Attorney General Paula T. Dow and Division
of Criminal Justice Director Stephen J.
Taylor announced that an Essex County man
has been sentenced for his role in a multi
county automobile theft ring.
to Acting Insurance Fraud Prosecutor Ronald
Chillemi, Terrence Simonson, 31, of Newark,
was sentenced yesterday (June 8) by Superior
Court Judge Michael A. Petrolle in Essex
County to five years of probation conditioned
upon his serving 457 days in the Essex County
jail, which he has already served, and was
also ordered to perform 250 hours of community
service. Simonson’s sentence was based
on his Feb. 9 guilty plea to third-degree
fencing and third-degree aggravated assault.
The charges were contained in a state grand
jury indictment returned on April 15, 2010.
pleading guilty, Simonson admitted that
he was involved in the sales of a 2009 Nissan
370Z valued at $35,000 and a 2008 BMW 750
valued at $85,000, knowing that they had
been stolen. Simonson also admitted that
on Nov. 10, 2009, when law enforcement officers
of the Essex/Union Auto Theft Task Force
attempted to stop motor vehicles driven
by Simonson and another person in the parking
lot of a fast food restaurant in Irvington,
the two men fled and attempted to cause
serious bodily injury to the officers by
ramming their police vehicles.
sentencing was part of an investigation
into a multi county automobile and motorcycle
theft ring. On Nov. 10, 2009, detectives
from the Office of the Insurance Fraud Prosecutor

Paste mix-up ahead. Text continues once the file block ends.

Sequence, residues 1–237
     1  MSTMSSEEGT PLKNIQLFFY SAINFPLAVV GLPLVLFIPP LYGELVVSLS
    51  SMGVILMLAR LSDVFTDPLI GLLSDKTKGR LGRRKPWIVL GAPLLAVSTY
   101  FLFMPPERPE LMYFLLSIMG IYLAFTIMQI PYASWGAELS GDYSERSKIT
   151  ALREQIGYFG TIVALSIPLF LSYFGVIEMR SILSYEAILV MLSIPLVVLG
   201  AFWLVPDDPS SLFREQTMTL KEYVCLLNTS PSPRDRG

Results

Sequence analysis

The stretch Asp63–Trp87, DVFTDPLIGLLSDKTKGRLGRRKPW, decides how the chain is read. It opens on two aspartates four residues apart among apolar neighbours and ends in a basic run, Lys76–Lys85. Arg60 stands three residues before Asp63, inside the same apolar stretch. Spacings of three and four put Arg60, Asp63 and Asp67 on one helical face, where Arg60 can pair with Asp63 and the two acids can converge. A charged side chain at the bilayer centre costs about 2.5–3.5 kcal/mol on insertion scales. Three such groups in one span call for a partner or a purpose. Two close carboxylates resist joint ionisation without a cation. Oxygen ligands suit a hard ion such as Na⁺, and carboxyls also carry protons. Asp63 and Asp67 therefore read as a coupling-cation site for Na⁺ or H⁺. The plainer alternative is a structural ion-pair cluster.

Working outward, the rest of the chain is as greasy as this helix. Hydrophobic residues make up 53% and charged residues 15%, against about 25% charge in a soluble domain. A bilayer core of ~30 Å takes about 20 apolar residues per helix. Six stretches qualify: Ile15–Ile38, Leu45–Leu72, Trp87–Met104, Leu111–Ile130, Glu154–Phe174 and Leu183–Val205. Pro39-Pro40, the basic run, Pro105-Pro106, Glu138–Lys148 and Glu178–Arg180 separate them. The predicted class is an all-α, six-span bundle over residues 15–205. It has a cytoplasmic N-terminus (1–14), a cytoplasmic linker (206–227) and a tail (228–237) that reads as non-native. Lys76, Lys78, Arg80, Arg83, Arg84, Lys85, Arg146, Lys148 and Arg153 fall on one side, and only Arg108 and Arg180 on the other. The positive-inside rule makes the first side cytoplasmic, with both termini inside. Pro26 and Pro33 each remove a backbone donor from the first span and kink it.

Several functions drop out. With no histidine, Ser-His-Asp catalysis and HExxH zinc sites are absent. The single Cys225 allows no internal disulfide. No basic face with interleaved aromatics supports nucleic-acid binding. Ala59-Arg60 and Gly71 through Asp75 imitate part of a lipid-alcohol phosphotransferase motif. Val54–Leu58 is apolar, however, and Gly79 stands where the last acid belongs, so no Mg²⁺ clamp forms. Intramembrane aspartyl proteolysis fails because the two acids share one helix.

and officers from the Essex/Union Auto Theft
Task Force arrested six individuals in Newark
who were believed to be involved in the
automobile theft trafficking ring.
the six individuals was Demond Conley, 37,
of Irvington, who was sentenced in January
to six years in state prison, including
three years of parole ineligibility. Conley’s
sentence was based on his guilty plea to
second degree charges of leading an auto
theft trafficking network and eluding police.
Tito Moses, 37, of Morrisville, Pennsylvania,
was sentenced on Sept. 22, 2010 to five
years in state prison following his guilty
plea on March 3, 2010 to second-degree fencing.
Kelli Coleman, 41, of Newark, was sentenced
on Sept. 22, 2010 to three years of probation.
She was ordered to pay $20,000 in restitution
and a $5,000 civil insurance fraud fine,
and was also ordered to perform 150 hours
of community service. Coleman had previously
pleaded guilty to third-degree insurance
Jarek Pyrzanowski and former Deputy Attorney
General John Higgins were assigned to the
investigation. They were assisted by Detectives
Wendy Berg and Amy Carson. Deputy Attorney
General Nicole Rizzolo represented the state
at the sentencing. Acting Insurance Fraud
Prosecutor Chillemi thanked the DCJ Gangs
& Organized Crime Bureau Central Squad,
the Port Authority of New York & New
Jersey Police, and Keystone Insurance/Midlantic
AAA Insurance Company for their assistance
in the investigation.
Insurance Fraud Prosecutor Chillemi noted
that some important cases have started with
anonymous tips. People who are concerned
about insurance cheating and have information
about a fraud can report it anonymously
by calling the toll free hotline at 1
877 55 FRAUD, or visiting the Web
site at www.NJInsurancefraud.org.
State regulations permit a reward to be
paid to an eligible person who provides
information that leads to an arrest, prosecution
and conviction for insurance fraud.